$110,000-$170,000 Value Indicator
$100,000-$150,000 Value Indicator
¥540,000-¥810,000 Value Indicator
€70,000-€100,000 Value Indicator
$590,000-$880,000 Value Indicator
¥10,910,000-¥16,370,000 Value Indicator
$80,000-$110,000 Value Indicator
This estimate blends recent public auction records with our own private sale data and network demand.
There aren’t enough data points on this work for a comprehensive result. Please speak to a specialist by making an enquiry.
Medium: Digital Print
Format: Signed Print
Size: H 85cm x W 115cm
Edition size: 35
The value of David Hockney’s A Bigger Fire is estimated to be worth between £60,000 to £90,000. This is a rare artwork with only 2 sales at auction YTD. The hammer price ranges from £47,622 in September 2022 to £54,567 in June 2022. The average return to the seller is £43,430 and the artwork has shown an increase in value with an average annual growth rate of 20%. The first sale at auction was in June 2022 and the edition size of this artwork is limited to 35.
|Auction Date||Auction House||Artwork|
Return to Seller
|September 2022||Phillips London - United Kingdom||A Bigger Fire - Signed Print|
|June 2022||Phillips London - United Kingdom||A Bigger Fire - Signed Print|
A Bigger Fire (2020) is a digital print by David Hockney, created with the use of an iPad. Hockney has been drawing on the iPad since it was first released in 2010 and his artistic output inspired by the medium continues to be prolific, including 212 digital paintings produced in 2018. A timely reminder about the importance of finding spaces of joy and comfort at the time of global unrest, the painting was used as a front cover for the December issue of New Yorker in 2020.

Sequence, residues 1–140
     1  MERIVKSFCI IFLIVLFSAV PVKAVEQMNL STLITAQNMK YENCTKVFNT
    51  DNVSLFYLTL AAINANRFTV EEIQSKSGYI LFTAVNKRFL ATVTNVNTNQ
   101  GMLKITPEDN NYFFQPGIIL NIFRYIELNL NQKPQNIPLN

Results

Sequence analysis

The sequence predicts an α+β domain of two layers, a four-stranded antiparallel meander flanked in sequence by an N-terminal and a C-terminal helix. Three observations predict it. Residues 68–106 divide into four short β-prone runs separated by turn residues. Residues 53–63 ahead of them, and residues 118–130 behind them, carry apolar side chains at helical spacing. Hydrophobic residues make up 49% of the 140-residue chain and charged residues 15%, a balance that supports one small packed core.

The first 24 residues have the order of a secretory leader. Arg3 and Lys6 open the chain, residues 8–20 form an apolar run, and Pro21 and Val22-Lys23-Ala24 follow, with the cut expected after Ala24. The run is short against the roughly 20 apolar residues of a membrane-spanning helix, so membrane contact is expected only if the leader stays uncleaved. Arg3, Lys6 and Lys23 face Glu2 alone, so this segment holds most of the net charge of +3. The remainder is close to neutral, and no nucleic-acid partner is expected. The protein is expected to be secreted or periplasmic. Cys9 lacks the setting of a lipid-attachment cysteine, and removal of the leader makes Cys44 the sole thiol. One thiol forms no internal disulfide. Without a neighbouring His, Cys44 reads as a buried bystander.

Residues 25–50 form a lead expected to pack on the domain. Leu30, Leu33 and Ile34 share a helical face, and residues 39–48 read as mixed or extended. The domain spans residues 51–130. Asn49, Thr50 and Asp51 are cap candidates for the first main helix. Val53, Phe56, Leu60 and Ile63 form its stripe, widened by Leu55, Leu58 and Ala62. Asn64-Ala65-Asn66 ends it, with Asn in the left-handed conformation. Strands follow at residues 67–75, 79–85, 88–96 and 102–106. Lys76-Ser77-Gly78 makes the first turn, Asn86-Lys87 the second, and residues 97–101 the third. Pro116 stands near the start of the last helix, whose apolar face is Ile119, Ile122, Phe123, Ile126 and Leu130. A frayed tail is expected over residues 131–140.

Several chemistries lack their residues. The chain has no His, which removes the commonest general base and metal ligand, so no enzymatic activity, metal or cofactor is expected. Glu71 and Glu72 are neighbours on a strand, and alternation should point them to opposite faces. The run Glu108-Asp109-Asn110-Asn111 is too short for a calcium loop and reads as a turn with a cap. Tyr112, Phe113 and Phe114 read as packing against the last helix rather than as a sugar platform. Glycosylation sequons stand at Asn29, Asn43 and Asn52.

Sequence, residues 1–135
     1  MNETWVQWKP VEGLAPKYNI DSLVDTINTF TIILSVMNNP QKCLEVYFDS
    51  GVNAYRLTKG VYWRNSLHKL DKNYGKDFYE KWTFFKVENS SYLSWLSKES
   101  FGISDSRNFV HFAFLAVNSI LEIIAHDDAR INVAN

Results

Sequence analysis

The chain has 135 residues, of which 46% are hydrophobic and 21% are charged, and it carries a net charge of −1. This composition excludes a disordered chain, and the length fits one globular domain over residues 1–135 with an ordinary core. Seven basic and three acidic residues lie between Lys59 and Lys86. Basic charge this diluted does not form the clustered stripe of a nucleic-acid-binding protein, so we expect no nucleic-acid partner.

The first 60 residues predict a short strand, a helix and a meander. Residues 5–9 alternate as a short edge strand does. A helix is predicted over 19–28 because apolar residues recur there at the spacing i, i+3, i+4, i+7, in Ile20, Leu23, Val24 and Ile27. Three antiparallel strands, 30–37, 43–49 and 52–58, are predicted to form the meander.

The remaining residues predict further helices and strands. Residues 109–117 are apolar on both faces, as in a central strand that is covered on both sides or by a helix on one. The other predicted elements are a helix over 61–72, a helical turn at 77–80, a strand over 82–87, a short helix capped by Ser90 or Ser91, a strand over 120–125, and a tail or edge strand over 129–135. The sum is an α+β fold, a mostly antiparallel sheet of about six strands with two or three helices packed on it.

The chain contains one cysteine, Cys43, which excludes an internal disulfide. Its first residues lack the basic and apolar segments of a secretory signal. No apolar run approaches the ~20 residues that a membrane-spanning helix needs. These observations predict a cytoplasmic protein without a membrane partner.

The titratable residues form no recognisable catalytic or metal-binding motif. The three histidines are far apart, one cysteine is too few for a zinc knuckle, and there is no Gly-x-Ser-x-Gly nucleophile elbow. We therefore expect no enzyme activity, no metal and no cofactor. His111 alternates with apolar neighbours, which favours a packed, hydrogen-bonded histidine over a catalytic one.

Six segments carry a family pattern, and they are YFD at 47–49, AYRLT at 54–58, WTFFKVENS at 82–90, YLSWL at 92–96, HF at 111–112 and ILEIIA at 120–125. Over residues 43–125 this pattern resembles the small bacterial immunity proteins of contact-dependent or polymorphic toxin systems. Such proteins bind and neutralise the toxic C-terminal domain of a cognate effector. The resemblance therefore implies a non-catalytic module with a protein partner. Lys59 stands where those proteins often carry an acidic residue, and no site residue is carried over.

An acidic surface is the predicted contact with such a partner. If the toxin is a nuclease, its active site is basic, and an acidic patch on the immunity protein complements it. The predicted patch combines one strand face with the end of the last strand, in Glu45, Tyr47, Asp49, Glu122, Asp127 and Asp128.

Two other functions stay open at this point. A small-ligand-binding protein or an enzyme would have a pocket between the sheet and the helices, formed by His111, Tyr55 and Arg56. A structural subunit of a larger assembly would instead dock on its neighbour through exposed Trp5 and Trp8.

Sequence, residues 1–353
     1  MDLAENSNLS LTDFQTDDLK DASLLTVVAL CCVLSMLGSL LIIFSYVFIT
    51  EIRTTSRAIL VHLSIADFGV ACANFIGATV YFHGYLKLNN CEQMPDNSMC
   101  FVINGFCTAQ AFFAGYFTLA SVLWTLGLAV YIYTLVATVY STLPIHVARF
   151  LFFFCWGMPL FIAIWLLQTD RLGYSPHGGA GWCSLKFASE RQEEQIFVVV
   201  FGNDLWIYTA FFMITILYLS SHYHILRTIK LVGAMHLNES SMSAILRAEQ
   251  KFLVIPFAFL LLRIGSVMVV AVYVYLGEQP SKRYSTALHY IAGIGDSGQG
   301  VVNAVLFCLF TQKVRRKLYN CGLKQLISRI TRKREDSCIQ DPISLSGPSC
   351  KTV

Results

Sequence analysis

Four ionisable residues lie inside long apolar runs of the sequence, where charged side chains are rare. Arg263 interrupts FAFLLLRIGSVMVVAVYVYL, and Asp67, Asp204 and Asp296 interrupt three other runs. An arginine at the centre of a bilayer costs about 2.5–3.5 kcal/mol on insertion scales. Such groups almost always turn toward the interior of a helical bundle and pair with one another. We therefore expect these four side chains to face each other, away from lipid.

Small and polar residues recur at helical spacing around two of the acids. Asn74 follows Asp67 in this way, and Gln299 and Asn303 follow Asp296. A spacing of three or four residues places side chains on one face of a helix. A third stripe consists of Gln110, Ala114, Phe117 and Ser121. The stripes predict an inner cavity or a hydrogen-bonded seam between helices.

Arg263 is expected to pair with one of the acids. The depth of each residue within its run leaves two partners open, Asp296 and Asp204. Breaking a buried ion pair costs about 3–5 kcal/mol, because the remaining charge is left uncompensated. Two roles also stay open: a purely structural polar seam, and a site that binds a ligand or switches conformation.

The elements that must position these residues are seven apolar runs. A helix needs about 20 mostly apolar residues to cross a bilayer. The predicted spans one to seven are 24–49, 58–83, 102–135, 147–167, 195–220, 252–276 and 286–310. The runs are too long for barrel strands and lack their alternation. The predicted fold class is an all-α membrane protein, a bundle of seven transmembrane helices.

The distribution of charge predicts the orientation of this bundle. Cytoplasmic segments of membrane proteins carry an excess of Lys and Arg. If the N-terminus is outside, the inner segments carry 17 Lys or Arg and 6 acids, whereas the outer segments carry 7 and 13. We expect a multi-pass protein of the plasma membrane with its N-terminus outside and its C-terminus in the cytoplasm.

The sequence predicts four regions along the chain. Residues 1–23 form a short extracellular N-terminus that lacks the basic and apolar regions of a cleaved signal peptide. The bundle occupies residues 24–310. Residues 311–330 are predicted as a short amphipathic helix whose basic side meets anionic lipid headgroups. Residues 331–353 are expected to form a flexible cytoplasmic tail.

The print depicts an outdoor altar with a burning fireplace rendered as a swarm of twisted lines in orange and yellow. While Hockney’s many depictions of domestic spaces have varied from minimalistic to exuberantly detailed and playful, the digital paintings represent the artist’s renewed foray into experiments with colour and bold marks characterising his earlier works, such as Pembroke Studio Interior (1984). Created shortly after the outbreak of the global pandemic, the image of the hearth inevitably invites associations with the comfort of retreating into one’s private space during uncertain times. A strip of red bricks in the top part of the drawing combined with beige floor and brown background behind the fireplace establish a warm colour palette that further tightens the link between the subject matter and notions of solace and escape.